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Is abortion morally justifiable?

Background of Roe vs. Wade

Roe v. Wade was decided 46 years ago on January 22nd 1973 by a vote of 7 to 2[1]. The court affirmed the legality of a woman’s right to have an abortion. The court held that the some of the Texas statutes violated the right of privacy. They held that a woman has a right to have an abortion under the Fourteenth Amendment to the Constitution.[2] Since then there have been approximately 61million surgical abortions in the United States.

Justice Henry Blackmun wrote an opinion that stated that the restrictive abortion laws (from Texas and Georgia) were unconstitutional.[3] “Blackmun’s opinion stated that because of uncertainty about the medical and moral status of the fetus, the state could not adopt a particular theory of when life begin—they could not decide, for example, that because life begins at conception fetuses have the same rights as newborn infants.”[4]

Although some deny that Roe established a right to abortion on demand, that was its practical effect, as The Oxford Companion to the Supreme Court of the United States says.[5]

The Natural Perspective on Abortion[8]

We live in a country that is extremely cautious about labeling everything; least something so terrible happen as someone burn their tongue on hot coffee or slip and fall on a slippery floor. We want to protect ourselves from lawsuits but we also want to protect human life.

We live in a country where the height and depth of our steps are regulated, where when our building and property isn’t up to code if it doesn’t have a certain height of handrail. We are cautious people.

We enforce speed limits and fine jaywalkers. We take precautions and enforce caution. We have an administration that monitors our food. We do this to protect our tongues, our bellies, and our lives.

Yet, we also throw caution to the wind as a country. We say we don’t know when a human baby becomes a human baby and so abortion has free reign. Michael S. Gazzaniga, professor of psychology at the University of California, said in an article in the New York Times that “We all seem to be in agreement that there must be a point at which moral status should be conferred on an embryo or fetus.”[9] What we don’t agree on, however, is when that moral status should be conferred.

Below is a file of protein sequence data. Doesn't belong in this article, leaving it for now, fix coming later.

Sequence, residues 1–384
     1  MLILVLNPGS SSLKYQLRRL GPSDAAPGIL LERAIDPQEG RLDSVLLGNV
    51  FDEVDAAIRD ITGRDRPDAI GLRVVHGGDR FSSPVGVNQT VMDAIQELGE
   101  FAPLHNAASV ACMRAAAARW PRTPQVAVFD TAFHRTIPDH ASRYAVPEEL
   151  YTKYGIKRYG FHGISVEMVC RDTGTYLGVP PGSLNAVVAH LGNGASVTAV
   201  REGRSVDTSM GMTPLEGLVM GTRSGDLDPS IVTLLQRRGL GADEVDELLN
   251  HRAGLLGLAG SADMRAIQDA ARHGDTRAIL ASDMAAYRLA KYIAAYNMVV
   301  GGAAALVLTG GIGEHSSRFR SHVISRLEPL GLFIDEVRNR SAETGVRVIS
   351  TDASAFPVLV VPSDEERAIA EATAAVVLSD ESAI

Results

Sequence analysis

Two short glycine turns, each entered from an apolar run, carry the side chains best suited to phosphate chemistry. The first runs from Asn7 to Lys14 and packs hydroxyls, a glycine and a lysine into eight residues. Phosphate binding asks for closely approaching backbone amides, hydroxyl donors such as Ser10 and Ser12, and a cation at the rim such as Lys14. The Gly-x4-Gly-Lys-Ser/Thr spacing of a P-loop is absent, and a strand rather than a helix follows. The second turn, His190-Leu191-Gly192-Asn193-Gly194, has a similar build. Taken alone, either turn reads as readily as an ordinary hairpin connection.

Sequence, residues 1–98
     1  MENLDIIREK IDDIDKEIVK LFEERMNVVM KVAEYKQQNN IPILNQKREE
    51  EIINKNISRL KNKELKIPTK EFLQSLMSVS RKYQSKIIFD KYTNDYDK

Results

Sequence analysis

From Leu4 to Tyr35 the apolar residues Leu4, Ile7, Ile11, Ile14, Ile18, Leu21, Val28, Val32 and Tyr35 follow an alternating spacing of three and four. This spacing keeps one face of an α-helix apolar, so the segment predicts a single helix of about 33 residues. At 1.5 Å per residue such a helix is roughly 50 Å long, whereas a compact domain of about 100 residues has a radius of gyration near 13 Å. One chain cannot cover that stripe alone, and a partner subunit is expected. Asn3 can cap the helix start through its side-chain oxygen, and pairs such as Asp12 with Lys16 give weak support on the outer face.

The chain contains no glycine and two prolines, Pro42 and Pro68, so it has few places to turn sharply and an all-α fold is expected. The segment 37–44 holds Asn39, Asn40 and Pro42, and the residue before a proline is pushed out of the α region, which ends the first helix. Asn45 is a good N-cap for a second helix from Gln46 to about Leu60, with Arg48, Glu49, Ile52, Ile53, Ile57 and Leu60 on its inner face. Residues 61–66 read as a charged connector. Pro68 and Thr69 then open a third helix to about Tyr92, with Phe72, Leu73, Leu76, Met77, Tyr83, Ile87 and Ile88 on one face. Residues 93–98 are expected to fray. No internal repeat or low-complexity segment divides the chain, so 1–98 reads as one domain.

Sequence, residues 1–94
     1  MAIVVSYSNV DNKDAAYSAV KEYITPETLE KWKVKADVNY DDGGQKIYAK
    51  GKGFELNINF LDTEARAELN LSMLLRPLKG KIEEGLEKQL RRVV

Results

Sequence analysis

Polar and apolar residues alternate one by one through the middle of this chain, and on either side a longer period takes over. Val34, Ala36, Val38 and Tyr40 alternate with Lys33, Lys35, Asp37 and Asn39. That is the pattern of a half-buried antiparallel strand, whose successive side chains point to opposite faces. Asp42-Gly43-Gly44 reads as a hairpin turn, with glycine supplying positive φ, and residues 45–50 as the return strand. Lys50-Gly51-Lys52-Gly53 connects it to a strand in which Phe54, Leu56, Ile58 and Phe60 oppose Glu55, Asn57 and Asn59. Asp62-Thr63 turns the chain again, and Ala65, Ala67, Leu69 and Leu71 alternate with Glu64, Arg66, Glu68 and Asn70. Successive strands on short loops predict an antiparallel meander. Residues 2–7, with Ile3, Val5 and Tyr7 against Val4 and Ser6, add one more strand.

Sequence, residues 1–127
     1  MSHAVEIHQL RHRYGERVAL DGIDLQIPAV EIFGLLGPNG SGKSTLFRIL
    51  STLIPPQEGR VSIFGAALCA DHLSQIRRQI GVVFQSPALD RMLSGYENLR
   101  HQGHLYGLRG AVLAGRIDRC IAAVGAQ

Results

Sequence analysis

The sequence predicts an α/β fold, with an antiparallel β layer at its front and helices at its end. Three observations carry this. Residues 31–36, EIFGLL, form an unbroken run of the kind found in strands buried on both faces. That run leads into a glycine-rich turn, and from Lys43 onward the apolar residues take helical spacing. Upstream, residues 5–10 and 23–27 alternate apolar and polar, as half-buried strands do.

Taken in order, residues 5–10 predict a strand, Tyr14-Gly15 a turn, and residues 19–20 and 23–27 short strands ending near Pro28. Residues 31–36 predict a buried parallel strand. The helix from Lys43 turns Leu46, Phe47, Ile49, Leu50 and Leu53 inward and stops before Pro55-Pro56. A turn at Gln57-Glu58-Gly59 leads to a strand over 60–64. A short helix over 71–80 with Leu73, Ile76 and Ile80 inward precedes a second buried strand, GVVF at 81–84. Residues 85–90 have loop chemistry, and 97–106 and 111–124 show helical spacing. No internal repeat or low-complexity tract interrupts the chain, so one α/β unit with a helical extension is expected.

It seems to be though, that in America we rightly side on the side of safety. It seems wiser and more in line with what would seem is the American conviction to say if we don’t know when life begins we should be cautious. After all, we enforce the height of handrails and fine jaywalkers so it seems unreasonable to not be cautious in regard to the most vulnerable. However, it seems in our country that “have it your way” is more important than caution when it comes to unborn humans.

People often bring up the fact that “we don’t know when life begins” but in light of the precautions we take all across America that is really a non-issue. Our government regulates where we can cross the road for safety’s sake but is not safe or cautious with regard to the “intersection” of abortion.

We must take “due diligence” in other matters or be held morally responsible because if we don’t we are morally responsible. To not be “safe” and “cautious” in regard to human life we know is wrong. In America, we have reduced speed limits outside of schools because we desire to do due diligence and protect our children and youth. We enforce lower speed limits near schools not because we know someone will get killed if we drive above a certain speed but because life is precious and we thus take precautions to protect it.[10]

The sentence for vehicular manslaughter in a school zone is obviously a worse offense then if the manslaughter happened outside of the school zone. In fact, if the manslaughter happened in a school zone it can take the charge from second degree to first degree. Yet, in the example of the first degree and second-degree manslaughter the guilty person did not necessarily proactively act upon or intentionally kill yet they failed to do due diligence and be cautious and thus they are rightly held accountable.

In other words, what should stop “pro-choice” people from being “pro-speeding-in-school-zone” people? There are some choices we don’t have. And shouldn’t have. We shouldn’t have the right, and don’t have the right, to speed in school zones. We shouldn’t, but do, have the right to destroy unborn babies. We sadly have the right to abandon caution and crush small human skulls within the protective womb of a mother because we are not sure that what is inside the mother’s womb constitutes human life. When we are “unsure” in any other case, we would “err on the side of caution.”